Peaceful Yogic Stage and Mental Agitated Stage Patanjali Yoga Sutra- 3 & 4

Posted On: November 20, 2014

In the first two Sutras we established that Yoga is self initiated restraint on the thought waves. The next Sutras explain the peaceful Yogic state that a person can be in.

तदा द्रष्टुः स्वरूपेऽवस्थानम्॥३॥
Tadā draṣṭuḥ svarūpe’vasthānam||3||
1.3. At times there is union of the thoughts and the physical state of the environment with the Self.
1.3 Then through perfect vision, the actual self sees and settles in tranquility vis vis thoughts.



1.4. At other times, the reality is not the same form as the thought-streams, leading to Vritti.
1.4 At other times the self and the thoughts are in conflict (vritti ) with the reality.

The human mind is always filled with thought waves. These thought waves keep coming one after another non stop. Normally, thoughts raise a situation that is completely aligned and synced with reality. When thoughts are in complete union with the reality, it brings peace in the person. That sort of bliss, release and tranquility is to be experienced and felt. It is very difficult to explain and share this feeling. A person with aware state of mind is able to experience and understand this union. The union of thoughts with the real.

In plain words, the thought waves form a vision in our mind. When this vision syncs with the real environment or situation, it builds harmony and removes the conflict. Then there are no negative feelings and happiness prevails.

Human mind is programmed to have thoughts without a pause, interruption or respite. If you had watched a child closely, you can see it sometimes smiles, frowns, etc. These expressions reflect the thoughts going on in the mind. These thoughts keep crisscrossing in the mind of a child. Some of these thought waves are easily reflected via the face. These thought waves keep coming even to a child without a break. While in adults, the speed of the thought waves is even faster. This is because adults are more informed and knowledgeable about the environment .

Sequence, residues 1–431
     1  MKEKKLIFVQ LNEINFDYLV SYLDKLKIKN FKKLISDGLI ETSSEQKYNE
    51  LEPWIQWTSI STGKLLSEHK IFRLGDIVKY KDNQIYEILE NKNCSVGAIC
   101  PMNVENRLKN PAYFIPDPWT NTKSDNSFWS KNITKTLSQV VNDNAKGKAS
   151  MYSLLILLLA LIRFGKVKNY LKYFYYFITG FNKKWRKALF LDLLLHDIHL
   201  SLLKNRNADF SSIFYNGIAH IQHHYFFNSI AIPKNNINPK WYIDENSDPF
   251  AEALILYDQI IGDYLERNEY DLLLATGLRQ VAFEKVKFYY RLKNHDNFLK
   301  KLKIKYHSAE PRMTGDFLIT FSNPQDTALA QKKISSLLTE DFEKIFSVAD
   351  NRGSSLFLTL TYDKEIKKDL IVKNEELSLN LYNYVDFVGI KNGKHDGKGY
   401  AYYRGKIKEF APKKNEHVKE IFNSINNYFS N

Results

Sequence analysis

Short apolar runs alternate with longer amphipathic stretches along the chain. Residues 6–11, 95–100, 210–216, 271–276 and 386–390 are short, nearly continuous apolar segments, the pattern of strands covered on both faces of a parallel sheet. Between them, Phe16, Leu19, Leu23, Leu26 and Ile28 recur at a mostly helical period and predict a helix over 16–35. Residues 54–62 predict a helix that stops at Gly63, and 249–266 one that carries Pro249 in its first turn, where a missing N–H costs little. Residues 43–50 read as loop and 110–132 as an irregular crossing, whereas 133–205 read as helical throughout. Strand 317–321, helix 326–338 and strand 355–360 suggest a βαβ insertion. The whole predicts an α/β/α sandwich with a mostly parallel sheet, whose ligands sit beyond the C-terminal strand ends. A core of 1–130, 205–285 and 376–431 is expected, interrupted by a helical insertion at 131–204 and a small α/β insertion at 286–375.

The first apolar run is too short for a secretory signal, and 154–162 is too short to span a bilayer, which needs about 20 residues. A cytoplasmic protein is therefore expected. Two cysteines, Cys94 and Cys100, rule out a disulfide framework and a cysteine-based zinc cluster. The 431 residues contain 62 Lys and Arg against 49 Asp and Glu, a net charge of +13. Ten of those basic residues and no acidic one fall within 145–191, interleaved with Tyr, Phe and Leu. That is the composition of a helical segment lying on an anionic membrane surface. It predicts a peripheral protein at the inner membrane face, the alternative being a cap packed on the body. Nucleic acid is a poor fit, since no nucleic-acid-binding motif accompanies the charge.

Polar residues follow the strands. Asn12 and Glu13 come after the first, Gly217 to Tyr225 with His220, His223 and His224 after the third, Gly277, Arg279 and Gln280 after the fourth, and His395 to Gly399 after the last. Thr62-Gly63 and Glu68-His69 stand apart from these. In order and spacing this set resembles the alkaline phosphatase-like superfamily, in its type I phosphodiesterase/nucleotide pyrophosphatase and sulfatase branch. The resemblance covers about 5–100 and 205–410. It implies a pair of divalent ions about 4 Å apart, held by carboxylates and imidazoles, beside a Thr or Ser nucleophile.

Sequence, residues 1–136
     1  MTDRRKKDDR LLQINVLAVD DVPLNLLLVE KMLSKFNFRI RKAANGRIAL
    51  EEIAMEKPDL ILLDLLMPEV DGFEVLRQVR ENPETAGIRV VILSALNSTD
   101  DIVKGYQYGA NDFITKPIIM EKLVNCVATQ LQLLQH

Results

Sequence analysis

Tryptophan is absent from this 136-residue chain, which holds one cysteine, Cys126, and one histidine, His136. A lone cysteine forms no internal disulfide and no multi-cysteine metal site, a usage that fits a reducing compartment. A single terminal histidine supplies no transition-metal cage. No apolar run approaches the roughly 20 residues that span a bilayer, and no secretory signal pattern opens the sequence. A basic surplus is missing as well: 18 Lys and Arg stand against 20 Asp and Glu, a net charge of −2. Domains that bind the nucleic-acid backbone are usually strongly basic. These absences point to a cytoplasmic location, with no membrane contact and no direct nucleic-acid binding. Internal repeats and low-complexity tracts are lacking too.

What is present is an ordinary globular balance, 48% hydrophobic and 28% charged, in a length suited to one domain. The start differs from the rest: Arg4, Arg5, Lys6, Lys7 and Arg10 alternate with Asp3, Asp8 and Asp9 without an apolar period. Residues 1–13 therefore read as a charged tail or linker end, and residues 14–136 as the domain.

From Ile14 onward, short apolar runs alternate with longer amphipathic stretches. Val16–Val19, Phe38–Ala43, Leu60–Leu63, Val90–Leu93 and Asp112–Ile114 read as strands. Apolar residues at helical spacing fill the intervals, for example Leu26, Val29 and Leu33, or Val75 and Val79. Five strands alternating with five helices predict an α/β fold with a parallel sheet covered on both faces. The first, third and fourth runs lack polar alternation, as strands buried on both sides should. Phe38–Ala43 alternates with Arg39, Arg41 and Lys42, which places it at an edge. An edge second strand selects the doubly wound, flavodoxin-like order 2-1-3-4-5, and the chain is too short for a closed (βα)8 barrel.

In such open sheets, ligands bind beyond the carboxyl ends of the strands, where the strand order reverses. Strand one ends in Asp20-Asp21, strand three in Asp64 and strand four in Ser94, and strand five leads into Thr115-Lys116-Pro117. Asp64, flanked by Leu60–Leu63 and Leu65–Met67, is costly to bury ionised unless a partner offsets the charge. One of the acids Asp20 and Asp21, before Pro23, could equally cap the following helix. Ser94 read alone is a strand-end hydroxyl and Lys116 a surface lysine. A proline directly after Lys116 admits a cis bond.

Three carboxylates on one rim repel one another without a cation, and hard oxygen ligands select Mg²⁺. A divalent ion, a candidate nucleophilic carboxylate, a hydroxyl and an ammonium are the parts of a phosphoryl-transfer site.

There are many descriptions available for these aphorisms (Yoga Sutras) by learned experts. Drasta means SEER, unattached vision, indifferent to happenings, detached attachments. Such concepts and words may sound pretty difficult to grasp now. I am leaving these complicated concepts and annotations to be understood via the later sutras. By that time, readers will be aware of many of these concepts and better understand them.

To understand better the meaning of two sutras above, it is necessary to understand the relation of thought waves with the reality. As long as the thought waves are aligned to the actual environment and happenings, the person is able to find balance. He is at complete peace. He relates to these thought waves and stays in perfect harmony. He is unified with the existence and is in a state of bliss. This is known as the state of Yogic union. It occurs always subconsciously on and off.